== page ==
The Fifth District reversed, because Ohio law provided no per se prohibition against the imposition of punitive damages against a deceased tortfeasor. The evidence indicated that the defendant had maliciously choked and attempted to kill the plaintiff’s minor child by smothering the child with a pillow. The Court stated that allowing the imposition of punitive damages on the defendant’s estate would deter similar conduct (they noted that in Ohio the purpose of punitive damages it to punish the tortfeasor and deter similar conduct, not to compensate the plaintiff). Further, the statutory language in R.C. § 2305.21 explicitly authorizes the survival of punitive damages claims not only in favor of a decedent entitled to a claim, but also against a decedent liable for such a claim.

Whetstone v. Binner, 2014-Ohio-3018, 15 N.E.3d 905 (5th Dist.)

 


 

Pets - Equine Immunity

Smith v. Landfair

Mr. Landfair was removing his horse from a trailer when he lost control of the horse and fell to the ground. Mr. Landfair fell over when the horse was startled by a vehicle that passed by. Seeing Mr. Landfair in distress, Ms. Smith came to Mr. Landfair’s rescue and as a result she was kicked in the face by the horse. This case was remanded by the Supreme Court of Ohio to the 9th District Court of Appeals to determine whether Landfair’s conduct was wanton as to overcome the immunity granted to him by his participation in equine activities. See O.R.C. §2305.321. "Wanton misconduct is the failure to exercise any care toward those to whom a duty of care is owed in circumstances in which there is great probability that harm will result." (quoting Anderson v. Massillon, 134 Ohio St.3d 380, 2012-Ohio-5711, paragraph three of the syllabus.).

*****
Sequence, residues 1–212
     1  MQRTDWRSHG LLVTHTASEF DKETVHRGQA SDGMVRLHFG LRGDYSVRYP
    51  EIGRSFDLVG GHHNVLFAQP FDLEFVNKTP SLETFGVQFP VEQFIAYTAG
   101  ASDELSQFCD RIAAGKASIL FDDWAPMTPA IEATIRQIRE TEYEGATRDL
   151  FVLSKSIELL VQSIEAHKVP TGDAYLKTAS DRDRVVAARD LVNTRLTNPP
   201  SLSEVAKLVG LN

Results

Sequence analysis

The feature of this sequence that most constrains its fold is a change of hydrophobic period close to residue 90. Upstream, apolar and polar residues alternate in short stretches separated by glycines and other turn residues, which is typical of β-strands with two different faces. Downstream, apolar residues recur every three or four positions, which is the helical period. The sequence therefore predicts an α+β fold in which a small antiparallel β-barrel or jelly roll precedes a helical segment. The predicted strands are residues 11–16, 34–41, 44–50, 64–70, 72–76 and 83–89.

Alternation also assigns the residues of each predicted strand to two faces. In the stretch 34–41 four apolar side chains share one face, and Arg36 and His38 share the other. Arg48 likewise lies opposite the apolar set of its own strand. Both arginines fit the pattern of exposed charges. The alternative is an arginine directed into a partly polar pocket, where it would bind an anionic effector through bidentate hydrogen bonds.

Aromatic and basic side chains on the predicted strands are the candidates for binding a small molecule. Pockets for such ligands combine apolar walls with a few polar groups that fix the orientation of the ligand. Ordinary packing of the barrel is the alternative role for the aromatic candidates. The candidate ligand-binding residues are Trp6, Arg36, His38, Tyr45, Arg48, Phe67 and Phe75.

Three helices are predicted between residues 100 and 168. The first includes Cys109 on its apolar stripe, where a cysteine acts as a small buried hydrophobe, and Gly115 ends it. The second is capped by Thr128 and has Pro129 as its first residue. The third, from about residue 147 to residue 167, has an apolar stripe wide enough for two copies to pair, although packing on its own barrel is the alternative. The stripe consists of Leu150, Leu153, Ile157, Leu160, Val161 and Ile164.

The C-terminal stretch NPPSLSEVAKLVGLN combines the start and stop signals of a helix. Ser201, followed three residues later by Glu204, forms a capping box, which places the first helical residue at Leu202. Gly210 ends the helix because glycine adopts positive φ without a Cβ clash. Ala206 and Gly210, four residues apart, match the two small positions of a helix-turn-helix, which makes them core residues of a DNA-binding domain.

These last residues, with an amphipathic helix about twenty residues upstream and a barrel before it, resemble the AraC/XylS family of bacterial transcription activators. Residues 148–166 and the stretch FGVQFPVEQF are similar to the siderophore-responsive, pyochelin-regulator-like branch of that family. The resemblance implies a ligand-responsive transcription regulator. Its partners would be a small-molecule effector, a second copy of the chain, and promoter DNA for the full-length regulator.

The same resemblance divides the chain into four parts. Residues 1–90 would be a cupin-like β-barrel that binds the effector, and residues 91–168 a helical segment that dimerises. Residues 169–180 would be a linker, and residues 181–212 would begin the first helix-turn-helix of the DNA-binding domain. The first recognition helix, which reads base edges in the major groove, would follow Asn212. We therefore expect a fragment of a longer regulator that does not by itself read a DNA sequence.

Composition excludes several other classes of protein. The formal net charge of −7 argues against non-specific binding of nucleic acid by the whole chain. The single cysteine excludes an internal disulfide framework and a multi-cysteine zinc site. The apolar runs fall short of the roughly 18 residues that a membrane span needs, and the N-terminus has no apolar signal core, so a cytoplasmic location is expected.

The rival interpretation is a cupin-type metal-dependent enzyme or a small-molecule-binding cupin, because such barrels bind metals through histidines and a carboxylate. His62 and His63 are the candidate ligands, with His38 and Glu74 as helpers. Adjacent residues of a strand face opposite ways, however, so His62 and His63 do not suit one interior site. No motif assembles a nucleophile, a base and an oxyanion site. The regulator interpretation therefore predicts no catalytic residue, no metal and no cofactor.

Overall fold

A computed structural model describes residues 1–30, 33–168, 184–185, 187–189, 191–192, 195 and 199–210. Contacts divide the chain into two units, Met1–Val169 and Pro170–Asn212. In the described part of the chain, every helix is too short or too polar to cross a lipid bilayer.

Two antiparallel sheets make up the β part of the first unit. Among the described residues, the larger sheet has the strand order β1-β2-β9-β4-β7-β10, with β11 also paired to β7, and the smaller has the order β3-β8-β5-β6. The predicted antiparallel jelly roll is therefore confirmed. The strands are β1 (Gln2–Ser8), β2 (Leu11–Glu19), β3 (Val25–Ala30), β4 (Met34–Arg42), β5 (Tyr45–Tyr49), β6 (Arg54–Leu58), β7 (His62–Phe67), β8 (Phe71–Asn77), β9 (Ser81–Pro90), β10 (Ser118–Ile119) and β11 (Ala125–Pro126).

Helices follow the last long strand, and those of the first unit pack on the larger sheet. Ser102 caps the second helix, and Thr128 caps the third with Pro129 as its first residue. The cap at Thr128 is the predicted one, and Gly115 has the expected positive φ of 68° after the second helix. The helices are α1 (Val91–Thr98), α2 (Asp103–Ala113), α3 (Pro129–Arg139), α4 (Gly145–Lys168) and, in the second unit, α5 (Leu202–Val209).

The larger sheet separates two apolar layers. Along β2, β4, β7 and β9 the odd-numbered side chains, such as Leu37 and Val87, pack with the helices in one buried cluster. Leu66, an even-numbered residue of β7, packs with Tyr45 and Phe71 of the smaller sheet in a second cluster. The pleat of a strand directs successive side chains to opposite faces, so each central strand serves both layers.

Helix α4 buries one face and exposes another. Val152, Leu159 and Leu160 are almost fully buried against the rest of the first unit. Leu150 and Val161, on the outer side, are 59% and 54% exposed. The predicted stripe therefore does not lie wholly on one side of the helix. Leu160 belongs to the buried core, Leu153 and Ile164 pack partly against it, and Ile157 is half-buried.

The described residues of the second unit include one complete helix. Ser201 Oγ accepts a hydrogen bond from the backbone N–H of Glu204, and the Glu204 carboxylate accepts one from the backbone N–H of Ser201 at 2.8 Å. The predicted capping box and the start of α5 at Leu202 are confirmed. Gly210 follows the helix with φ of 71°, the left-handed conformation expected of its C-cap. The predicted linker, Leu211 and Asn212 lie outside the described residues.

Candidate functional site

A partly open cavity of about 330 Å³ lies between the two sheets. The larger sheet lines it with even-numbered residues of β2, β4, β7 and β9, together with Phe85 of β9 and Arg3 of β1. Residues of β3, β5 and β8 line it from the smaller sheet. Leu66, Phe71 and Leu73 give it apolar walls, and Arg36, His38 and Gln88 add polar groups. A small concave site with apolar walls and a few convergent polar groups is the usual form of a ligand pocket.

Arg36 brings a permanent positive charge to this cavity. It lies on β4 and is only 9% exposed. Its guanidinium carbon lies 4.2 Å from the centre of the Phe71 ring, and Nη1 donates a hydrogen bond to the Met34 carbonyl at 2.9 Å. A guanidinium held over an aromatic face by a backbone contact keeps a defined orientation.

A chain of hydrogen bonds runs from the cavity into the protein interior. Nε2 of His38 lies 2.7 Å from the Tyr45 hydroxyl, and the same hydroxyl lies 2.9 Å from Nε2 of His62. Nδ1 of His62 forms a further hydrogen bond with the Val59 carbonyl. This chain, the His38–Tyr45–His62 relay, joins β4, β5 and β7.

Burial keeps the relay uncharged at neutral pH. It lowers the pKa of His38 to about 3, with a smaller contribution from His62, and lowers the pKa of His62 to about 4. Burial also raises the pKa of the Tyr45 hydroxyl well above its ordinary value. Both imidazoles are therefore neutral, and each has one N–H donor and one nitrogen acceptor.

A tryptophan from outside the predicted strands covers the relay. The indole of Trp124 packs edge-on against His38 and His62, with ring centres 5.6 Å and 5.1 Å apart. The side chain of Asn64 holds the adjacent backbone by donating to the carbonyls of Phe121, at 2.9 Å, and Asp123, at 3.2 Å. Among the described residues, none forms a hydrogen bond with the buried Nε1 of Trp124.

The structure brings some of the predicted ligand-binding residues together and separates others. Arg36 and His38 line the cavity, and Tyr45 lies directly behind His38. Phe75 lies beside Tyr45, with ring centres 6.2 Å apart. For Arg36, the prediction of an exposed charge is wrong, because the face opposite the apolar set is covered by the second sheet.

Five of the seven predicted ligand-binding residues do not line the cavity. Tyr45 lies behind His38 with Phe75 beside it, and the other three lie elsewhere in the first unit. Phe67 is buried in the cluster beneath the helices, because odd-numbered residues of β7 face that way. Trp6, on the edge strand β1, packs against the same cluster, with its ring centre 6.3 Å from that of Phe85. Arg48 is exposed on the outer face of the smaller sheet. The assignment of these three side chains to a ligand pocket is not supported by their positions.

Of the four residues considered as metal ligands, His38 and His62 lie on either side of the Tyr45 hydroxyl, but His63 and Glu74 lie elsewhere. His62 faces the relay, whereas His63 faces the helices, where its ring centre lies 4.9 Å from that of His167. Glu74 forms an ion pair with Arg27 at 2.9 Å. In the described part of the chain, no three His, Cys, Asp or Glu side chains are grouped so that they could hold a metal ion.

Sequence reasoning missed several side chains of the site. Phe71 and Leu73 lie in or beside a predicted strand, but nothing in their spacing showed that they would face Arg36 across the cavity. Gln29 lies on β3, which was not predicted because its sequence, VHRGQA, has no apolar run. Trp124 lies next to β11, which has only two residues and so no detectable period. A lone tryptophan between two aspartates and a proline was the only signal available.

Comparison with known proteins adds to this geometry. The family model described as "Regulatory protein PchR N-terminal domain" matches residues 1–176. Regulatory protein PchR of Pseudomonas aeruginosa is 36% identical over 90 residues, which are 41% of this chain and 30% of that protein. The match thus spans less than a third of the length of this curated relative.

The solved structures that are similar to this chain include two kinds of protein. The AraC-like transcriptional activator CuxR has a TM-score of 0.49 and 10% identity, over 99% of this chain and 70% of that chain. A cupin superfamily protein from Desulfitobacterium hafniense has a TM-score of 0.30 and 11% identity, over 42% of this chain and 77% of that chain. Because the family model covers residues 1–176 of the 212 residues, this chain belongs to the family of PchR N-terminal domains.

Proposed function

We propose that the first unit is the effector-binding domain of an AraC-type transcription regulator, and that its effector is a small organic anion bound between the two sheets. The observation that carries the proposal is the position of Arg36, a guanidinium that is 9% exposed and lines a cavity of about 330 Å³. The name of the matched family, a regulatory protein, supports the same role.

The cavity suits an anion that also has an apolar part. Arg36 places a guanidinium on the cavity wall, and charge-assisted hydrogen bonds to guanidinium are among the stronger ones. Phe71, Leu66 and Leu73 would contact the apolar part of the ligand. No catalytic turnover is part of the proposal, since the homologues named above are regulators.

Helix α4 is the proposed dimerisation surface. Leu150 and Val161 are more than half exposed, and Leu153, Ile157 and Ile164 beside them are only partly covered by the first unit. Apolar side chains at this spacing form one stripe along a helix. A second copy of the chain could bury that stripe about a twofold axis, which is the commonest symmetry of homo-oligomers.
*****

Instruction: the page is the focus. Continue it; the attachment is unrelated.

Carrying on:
The court held that summary judgment was inappropriate because the trial court ignored the plaintiff’s, Ms. Smith’s, affidavit completely when granting the defendant’s motion for summary judgment. The affidavit put on evidence that showed Mr. Landfair knew that the horse he was handling had a tendency to be “flighty” and that she should not be unloaded while there were loud noises around. There was also evidence put on that Mr. Landfair was too elderly to handle the horse by himself, he was hard of hearing and that the horse should have been sedated prior to removal from the trailer. This evidence, which was disregarded by the trial court, resulted in the appellate court remanding the case for reapplication of the summary judgment standard. “[I]t is appropriate to remand so that the trial court may apply the summary judgment standard and determine whether, when viewed in the light most favorable to Ms. Smith, there was a genuine dispute of fact as to whether Mr. Landfair's behavior was wanton.”

Smith v. Landfair, 2014-Ohio-3314 (9th Dist.)

***These case summaries were adapted from the Ohio State Bar Association's official reports. All cases appear on the OSBA website at www.ohiobar.org, as well as in the OSBA Report Online.***